The King’s Singers will be performing to a sold-out Baldwin Auditorium on Friday, February 21. The British vocal ensemble will bring their distinct sound and unique repertoire, spanning everything from Renaissance magicals to early 20th century American hits.

The King’s Singers occupy an interesting crossroads in terms of musical style and audience interest. Recently, with "Pitch Perfect" leading the way, a cappella music has grown in popularity, particularly with younger audiences. While they are an a cappella group, The King’s Singers also maintain a classic British choral sound. This concert and the group’s recent tour have shown that they can still easily find an audience for their particular style of vocal music.

“The King’s Singers are entertaining, and they straddle that world between contemporary a cappella music and classical music,” Aaron Greenwald, Director of Duke Performances, said. “That gray space between a cappella and choral music is a really successful space.”

Greenwald programmed the King’s Singers as part of the Vocal Ensemble Series presented by Duke Performances. Although he doesn’t rule out the possibility of a pop a cappella series in the future, Greenwald emphasized that this series was quite different.

“This series is very clearly a classically-focused vocal series,” Greenwald said. “That’s not to say that a more pop-focused a cappella series would be a bad thing. That’s just not what this is.”

As evidenced by the sold-out performances by the Fisk Jubilee Singers and Chanticleer, the Vocal Ensemble series has thus far been quite successful. The King’s Singers seek to add their own unique flavor to the series this Friday.

The six members of the King’s Singers range in age from 27 to 54 years old, attended different universities and are carefully selected through an intense, two-round audition process after being recommended to the group. The variation in the members' backgrounds provides for a group with a unique set of business talents in addition to a cohesive vocal sound.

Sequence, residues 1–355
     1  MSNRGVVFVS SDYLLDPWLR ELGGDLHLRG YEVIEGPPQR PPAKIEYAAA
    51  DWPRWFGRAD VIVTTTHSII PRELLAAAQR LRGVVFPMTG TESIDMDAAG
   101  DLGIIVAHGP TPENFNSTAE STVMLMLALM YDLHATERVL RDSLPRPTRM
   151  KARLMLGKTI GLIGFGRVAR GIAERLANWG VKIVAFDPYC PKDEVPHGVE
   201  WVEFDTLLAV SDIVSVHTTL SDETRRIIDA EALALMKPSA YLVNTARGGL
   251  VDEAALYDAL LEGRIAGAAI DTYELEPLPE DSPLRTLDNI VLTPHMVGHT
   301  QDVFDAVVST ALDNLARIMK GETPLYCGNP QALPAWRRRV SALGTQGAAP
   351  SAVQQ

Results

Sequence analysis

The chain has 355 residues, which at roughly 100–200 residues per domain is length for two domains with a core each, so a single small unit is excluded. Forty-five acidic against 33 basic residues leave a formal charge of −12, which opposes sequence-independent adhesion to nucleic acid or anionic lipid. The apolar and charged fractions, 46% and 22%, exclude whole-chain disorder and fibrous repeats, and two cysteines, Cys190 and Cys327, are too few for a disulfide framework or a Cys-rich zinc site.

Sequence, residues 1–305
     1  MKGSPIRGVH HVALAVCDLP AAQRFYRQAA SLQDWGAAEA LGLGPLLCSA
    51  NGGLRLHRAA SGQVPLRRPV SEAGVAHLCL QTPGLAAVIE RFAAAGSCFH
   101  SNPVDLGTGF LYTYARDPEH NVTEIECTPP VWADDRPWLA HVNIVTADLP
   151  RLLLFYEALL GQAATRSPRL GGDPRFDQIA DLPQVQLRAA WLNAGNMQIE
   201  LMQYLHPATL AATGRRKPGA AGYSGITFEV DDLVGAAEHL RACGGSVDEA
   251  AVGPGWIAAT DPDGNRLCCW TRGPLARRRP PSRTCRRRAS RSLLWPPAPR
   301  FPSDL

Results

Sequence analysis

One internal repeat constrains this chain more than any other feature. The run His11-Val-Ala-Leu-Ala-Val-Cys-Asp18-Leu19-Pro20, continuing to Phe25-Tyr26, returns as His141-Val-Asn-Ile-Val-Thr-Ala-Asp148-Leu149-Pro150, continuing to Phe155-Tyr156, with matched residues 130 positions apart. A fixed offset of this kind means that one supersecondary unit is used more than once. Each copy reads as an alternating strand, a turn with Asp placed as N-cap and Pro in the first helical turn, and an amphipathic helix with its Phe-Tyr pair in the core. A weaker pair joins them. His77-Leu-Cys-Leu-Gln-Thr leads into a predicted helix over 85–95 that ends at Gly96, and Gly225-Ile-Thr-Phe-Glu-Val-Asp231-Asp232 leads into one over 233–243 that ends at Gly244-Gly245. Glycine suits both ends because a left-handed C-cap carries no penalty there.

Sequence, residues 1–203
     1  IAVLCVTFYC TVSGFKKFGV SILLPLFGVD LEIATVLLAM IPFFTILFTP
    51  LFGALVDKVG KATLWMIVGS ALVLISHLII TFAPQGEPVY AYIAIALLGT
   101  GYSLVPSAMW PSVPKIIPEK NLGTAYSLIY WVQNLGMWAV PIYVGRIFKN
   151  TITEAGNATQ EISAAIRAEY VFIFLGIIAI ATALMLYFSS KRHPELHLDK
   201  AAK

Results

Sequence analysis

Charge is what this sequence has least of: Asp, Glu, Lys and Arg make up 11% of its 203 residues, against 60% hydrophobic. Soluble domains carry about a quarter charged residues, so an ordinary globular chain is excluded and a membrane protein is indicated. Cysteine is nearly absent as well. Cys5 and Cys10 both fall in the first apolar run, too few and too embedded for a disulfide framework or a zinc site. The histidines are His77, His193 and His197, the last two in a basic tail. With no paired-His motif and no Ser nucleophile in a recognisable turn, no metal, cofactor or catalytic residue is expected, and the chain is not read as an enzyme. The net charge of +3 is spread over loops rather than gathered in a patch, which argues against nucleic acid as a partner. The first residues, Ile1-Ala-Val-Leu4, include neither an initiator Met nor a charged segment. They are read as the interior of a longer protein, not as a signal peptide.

“We each have a job in the group,” singer Jonathan Howard said, referring to each member’s role in the business side of the organization. “For example, I’m in charge of travel and scheduling. While there obviously is an age thing, the oldest isn’t boss.”

This process has allowed the group to travel relatively lightly. Although The King’s Singers have management all over the world, they go on tour as just a group of six without any extra staff. Recently, the ensemble has been touring behind their new album, "Great American Songbook," which contains popular 20th century hits such as ‘My Funny Valentine,’ ‘I’ve Got You Under My Skin’ and ‘Cry Me a River.’ At Duke, they will also be incorporating older, more traditional Renaissance music.

The broad variety of pieces being performed allows for The King’s Singers to appeal to classical music lovers as well as to those who appreciate more contemporary a cappella music.

“They would often do repertoire that nobody else was doing,” Rodney Wynkoop, Director of Duke Chorale and Chapel Music, said. “It could be arrangements of folk songs or renaissance music or early baroque pieces.”

The King’s Singers are bringing their talents to Duke at an excellent time for Duke Performances and the surrounding community. While this show has sold out, there is still a distinct lack of student tickets purchased. Wynkoop and Greenwald both hope that this series can begin to change that.

“Given that this is a relatively new kind of programming on campus,” Wynkoop explained, referring to the Vocal Ensemble series, “It will potentially make some people aware of this kind of performance that weren’t aware before. It at least might make it visible to some people who may have not seen it in the past.”

Greenwald adds that this series has been outstanding thus far, selling out often and attracting rave reviews.

“This is the first year we’ve done this series, and it sold incredibly well,” he said. “Lots of people sing in civic choirs or church choirs. There’s just a real appetite for this kind of vocal music.”

He adds that this sort of series might be one of the few, if not the only one, that exists in the area. The King’s Singers seem to have recognized and capitalized on that fact.

“Performing at Duke isn’t a difficult decision to make,” said Howard. “There’s a lot of musical appreciation at a university that has such a storied history.”

Ultimately, the best advice for those who have yet to make it out to a show hosted by Duke Performances, particularly in the Vocal Ensemble Series, comes from Howard himself.

“Do everything. Even if something’s really strange, do it,” Howard said when asked what he had learned from joining The King’s Singers. “Even if it’s not what you expect, give it a go.”

The King’s Singers will be performing at Baldwin Auditorium on Friday, February 21. The show is sold out. For more information, visit the Duke Performances website.